The good news? The cake is super easy to mix together, but you do need a mixer. You’ll melt the chocolate for the cakes with your butter. I just use the microwave, starting with a minute, then stirring and if it’s not melted, I do 10-second increments. Yeah, ya probably have to sit there and watch it. It’s worth it. And only go until just melted; the less you heat, the less time you’ll spend waiting for it to cool so you can use it.
Then mix eggs, yolks, sugar and vanilla (or a liqueur if you want, but use about a teaspoon if you do that) in the stand mixer, probably about four or five minutes on high or by hand, five to six minutes, until the mixture falls in thick ribbons. It will be lighter in color and increased by about three times the volume. By hand stir in the chocolate/butter mixture and the flour, gently so the volume isn’t deflated. Fill the ramekins, pop in your ball of ganache and bake. And wait for the longest 12 to 15 minutes of your life!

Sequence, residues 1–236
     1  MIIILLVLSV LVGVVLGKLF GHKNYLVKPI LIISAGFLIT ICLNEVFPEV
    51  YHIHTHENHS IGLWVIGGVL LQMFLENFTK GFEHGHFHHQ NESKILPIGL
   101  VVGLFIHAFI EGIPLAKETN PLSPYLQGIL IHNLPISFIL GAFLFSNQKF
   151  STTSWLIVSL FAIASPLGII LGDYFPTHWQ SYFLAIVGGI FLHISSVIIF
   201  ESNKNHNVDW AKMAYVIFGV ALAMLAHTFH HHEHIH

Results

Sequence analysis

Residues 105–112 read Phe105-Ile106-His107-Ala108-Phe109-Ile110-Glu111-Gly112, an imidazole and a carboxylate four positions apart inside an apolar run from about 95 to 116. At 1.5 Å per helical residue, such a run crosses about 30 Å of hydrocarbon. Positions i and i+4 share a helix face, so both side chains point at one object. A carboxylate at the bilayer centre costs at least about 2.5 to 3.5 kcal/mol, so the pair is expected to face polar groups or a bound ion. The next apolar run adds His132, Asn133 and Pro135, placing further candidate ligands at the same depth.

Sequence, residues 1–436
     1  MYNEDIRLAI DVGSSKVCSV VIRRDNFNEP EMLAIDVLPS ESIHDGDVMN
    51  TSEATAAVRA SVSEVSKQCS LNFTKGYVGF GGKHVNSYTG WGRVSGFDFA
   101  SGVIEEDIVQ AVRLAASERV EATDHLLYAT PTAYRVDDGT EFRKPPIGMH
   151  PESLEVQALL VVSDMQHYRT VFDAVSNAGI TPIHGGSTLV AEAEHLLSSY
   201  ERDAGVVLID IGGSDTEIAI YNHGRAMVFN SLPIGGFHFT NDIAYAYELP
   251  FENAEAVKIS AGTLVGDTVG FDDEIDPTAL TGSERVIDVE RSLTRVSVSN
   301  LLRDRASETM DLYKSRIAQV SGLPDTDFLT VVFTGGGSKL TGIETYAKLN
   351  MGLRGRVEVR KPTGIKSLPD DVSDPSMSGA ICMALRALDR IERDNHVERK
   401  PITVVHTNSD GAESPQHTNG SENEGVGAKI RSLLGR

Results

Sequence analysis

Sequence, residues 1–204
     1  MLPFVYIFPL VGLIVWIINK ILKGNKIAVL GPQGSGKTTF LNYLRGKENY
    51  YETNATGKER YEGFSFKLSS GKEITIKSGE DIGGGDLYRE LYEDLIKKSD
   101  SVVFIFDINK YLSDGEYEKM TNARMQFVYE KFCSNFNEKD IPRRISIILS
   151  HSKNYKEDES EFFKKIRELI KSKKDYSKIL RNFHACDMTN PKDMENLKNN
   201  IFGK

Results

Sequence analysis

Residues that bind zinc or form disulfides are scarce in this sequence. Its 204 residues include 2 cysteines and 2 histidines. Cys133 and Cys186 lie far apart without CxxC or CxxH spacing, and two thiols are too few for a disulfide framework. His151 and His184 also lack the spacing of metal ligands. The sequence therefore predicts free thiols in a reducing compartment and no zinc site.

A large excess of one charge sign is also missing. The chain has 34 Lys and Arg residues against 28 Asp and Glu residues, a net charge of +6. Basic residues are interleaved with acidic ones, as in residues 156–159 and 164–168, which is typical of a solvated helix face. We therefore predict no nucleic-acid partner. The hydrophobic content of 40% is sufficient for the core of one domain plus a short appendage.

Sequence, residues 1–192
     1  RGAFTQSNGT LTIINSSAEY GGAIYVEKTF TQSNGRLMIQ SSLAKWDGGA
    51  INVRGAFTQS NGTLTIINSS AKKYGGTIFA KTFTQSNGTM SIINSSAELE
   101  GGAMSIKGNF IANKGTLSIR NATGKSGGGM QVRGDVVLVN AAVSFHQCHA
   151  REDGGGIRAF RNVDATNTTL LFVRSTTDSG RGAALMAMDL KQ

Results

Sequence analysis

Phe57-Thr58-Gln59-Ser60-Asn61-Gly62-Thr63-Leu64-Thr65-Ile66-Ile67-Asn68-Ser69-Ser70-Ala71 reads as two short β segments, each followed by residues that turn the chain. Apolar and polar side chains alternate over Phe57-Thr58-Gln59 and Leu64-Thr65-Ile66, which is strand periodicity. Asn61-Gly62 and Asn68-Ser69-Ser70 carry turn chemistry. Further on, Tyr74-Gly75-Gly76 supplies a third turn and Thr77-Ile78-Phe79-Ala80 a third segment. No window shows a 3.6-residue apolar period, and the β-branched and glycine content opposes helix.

- The cakes may be made ahead two days, refrigerated and brought to room temperature for about 30 minutes before baking. Add the balls of ganache just before baking.
- These reheat well in the microwave on low power for about 10 seconds.
When Molten Lava Cakes first came on my radar, I tried a lot of different recipes. There were a couple of Cook’s Illustrated among them, but my favorite by far is this one posted on a Ghiradelli advertisement and it was in nearly every food magazine I leafed through for nearly a decade. See how it pays to not be a “foodie” or a “food snob? and leave the recipes in the mag behind and cook from an ad, lol!
Ghiradelli isn’t paying me anything, but I gotta say I love their dark 60% Cacao Bittersweet Chocolate Chips in this. They deliver a great, over the top flavor. Any semi-sweet or bittersweet chocolate will work, or a mix of chocolate, if you like. If deep, dark chocolate isn’t your thing, use what you like, then you’ll like the cakes. Milk chocolate (I think) is really too light for the cakes themselves, although it might work for the ganache balls, although the color would be very light.
If you’d like to make these often, increase the ganache ball recipe, roll into balls, place them, spaced apart, on parchment or wax paper and freeze. Once frozen, roll in the waxed paper and place in a Ziploc. With the Ganache balls on hand, you can make these at a moment’s notice.
The recipe calls for six 4-ounce ramekins and the four-ounce size does work best. The little cakes are taller, the ganache ball fits in perfectly and you’ll get maximum ooze.